AT&T Links Up With College Portal

Telecommunications giant AT&T has signed an agreement with college-oriented Web portal edu.com that will market AT&T’s communications services to the site’s undergraduate and graduate student users.

AT&T will offer its wireless, long distance, Internet access and calling card services to edu.com’s membership base, and the companies will conduct a joint marketing effort on the Internet and through traditional advertising channels.

The online promotion includes listing edu.com on AT&T’s online Student Resource Center, which provides information on various AT&T products and services for college students.

Meanwhile, on edu.com, a new “AT&T Phone Shop” aggregates all of the telephone company’s products and services in one area. The shop offers special incentives for new customers, such as 100 free minutes of long distance service and a free online message center.

Edu.com has similar agreements with IBM, Toshiba and Hewlett-Packard for computer products, Adobe, Inc., Microsoft Corp. and Symantec for computer software, VarsityBooks.com for textbooks, and Citibank and BankBoston for financial services.

Unlike those other companies, AT&T will stand alone as edu.com’s exclusive telecommunications service provider.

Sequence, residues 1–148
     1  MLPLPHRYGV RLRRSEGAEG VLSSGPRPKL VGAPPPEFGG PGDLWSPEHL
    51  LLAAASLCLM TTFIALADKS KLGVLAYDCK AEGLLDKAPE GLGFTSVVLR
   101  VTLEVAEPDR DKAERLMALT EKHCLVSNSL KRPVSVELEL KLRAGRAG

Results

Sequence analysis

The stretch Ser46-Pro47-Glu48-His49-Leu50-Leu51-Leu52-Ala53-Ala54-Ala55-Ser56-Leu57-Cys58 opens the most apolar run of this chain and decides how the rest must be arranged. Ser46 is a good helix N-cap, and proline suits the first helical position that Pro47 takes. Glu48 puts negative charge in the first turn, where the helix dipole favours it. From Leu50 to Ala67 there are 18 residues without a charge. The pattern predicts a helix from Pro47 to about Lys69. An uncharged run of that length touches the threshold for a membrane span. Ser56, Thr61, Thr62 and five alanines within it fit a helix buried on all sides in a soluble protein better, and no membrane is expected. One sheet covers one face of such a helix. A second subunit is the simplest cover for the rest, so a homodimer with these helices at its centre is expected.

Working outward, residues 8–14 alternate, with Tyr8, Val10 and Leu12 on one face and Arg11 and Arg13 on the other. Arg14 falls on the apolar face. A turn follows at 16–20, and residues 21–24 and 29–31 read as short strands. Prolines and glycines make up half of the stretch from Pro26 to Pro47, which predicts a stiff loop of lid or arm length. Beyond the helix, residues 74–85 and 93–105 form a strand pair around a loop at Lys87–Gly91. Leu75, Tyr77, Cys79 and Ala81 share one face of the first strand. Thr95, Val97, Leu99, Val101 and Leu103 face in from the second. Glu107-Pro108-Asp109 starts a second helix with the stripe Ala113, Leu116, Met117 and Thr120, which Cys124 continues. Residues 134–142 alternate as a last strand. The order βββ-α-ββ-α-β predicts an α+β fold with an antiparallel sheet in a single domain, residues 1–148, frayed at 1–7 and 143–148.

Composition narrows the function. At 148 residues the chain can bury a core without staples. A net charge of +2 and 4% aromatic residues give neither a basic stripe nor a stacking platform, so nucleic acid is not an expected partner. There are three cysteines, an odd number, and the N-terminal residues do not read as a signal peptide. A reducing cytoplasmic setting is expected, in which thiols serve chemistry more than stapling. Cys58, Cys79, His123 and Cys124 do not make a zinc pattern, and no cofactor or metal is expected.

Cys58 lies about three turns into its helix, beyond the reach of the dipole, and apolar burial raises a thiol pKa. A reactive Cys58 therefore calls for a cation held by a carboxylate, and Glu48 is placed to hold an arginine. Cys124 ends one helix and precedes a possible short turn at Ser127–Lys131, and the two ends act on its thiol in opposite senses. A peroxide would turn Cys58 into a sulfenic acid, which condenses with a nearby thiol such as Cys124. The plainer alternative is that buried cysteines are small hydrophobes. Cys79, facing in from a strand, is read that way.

Carving A Niche

Although edu.com competes with a growing number of other online portals that are trying to carve out a space in the budgets of college students, the site differentiates itself by selling only to registered college students and graduate students.

This strategy has enabled the company to negotiate special deals with major companies, such as AT&T, that are willing to discount their products and services to reach the college market.

Edu.com allows all visitors to browse the site, but they must register to access any of the special offers or services. To verify that its members are in fact college students, the company checks the visitor’s name, school and major before approving the enrollment application. In exchange for such personal information, edu.com throws in a free gift or coupon for purchases on edu.com when the student enrolls.

AT&T believes that the plan gives the company a chance to win over relatively uncommitted new consumers, who have significant discretionary money to spend.

“Understanding the unique challenges students encounter when making telecom choices, the Communications Shop is a user-friendly online store that utilizes a number of unbiased resources, including third party content and buyer’s guides, that clarify and simplify the process of selecting the right communications plan,” the company said.

Students Comfortable On Net

A recent Greenfield Online study noted that more than half of all U.S. college students surf the Internet from their wired dorm rooms or other residences, and 84 percent have access from some location on campus.

Greenfield predicts that increased access will result in increased online buying. Their data shows that twice as many students visited online shopping sites in the last school year as did the prior year, and 62 percent of those shoppers said they bought something.

Boston, Massachusetts-based edu.com was founded in 1998 by Adam and Linda Kanner. The privately-held company has received funding from the Mayfield Fund, Information Technology Ventures, Student Advantage and other individual and institutional investors.

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AT&T Links Up With College Portal